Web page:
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UTLEY v. KOHL (1997)

Court of Appeals of Ohio,Sixth District, Wood County.

UTLEY v. KOHL, Sheriff, et al.

No. WD-97-040.

Decided: June 12, 1997

Scott T. Coon, Bowling Green, for petitioner. Alan R. Mayberry, Wood County Prosecuting Attorney, and Gwen Howe-Gebers, Assistant Prosecuting Attorney, for respondents.

Petitioner, Desmond Utley, has filed a petition for writ of habeas corpus against respondents, John Kohl, Wood County Sheriff, and Judge Gale Williamson.   Petitioner brings this proceeding to challenge an increase in his bail set by the Wood County Court of Common Pleas.

Petitioner was charged with one count of rape, one count of kidnaping, and one count of felonious sexual penetration.   On April 2, 1997, the trial court conducted a bail hearing.   Citing the serious nature of the crime, petitioner's prior conviction for sexual battery, and his alleged use of threatening profanity to the victim, the prosecution asked for a $25,000 bond.   The trial court set petitioner's bond at $20,000, no ten percent.

Nearly two months later, the prosecution filed a motion to reconsider petitioner's bond.   At a May 28, 1997 hearing, the prosecution reiterated the same facts and same arguments previously made to the court at the April 7, 1997 hearing.   The prosecutor then suggested that bail should be increased to $45,000.   At this hearing, the prosecution, nevertheless, acknowledged that during prior proceedings, petitioner had never failed to appear when required by the court.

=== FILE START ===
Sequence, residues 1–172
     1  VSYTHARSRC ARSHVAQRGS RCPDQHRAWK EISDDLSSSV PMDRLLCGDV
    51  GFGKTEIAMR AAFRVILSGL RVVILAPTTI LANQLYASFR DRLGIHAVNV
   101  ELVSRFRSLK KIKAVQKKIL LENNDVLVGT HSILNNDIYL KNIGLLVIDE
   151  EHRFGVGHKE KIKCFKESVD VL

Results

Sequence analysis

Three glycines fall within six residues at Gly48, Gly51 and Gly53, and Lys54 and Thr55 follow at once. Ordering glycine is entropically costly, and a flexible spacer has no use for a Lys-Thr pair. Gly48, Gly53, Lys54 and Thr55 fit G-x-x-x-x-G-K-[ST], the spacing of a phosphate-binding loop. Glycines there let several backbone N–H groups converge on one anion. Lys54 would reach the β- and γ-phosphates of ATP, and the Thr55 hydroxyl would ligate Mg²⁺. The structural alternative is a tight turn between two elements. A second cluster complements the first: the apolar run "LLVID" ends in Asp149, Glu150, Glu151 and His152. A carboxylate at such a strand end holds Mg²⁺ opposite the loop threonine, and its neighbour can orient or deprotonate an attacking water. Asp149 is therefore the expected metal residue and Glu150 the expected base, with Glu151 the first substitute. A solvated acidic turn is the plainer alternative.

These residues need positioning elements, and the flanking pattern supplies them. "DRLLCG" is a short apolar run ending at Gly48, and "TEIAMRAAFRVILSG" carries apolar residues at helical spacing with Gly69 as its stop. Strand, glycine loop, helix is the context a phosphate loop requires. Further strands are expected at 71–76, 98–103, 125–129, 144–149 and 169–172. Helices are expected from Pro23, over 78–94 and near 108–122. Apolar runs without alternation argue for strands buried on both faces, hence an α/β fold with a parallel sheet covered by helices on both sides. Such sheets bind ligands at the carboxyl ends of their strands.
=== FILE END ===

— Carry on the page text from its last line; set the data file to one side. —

Petitioner objected to any increase in bail, stating that nothing had occurred that would warrant a change in the existing bond amount. 1  Petitioner further stated that in reliance upon the prior bail, he waived his speedy trial time.

The trial court determined that the original $20,000 was low for a first degree felony and was “not realistic under the circumstances.”   Bail was then set at $35,000, no ten percent.   Other additional conditions imposed were that petitioner would reside with his mother in Toledo, that petitioner would remain in the Wood/Lucas County areas, that petitioner would have to check in three times per week with the probation department, and that petitioner would have no contact with the victim or her family members.

Petitioner then instituted this original action for writ of habeas corpus.   Respondents filed an answer and motion for summary judgment.   On June 10, 1997, we held a hearing on the matter.   At the hearing, the parties stipulated to the admission of the April 2, 1997 and May 28, 1997 transcripts into evidence;  the prosecutor admitted on argument that there were, in fact, no changed circumstances between the April 2 and May 28 hearings.   The parties then focused their arguments on the issue of whether the trial court had properly modified its prior bail order.

 The law governing this proceeding is succinctly articulated in the following excerpt from In re Green (1995), 101 Ohio App.3d 726, 730, 656 N.E.2d 705, 707: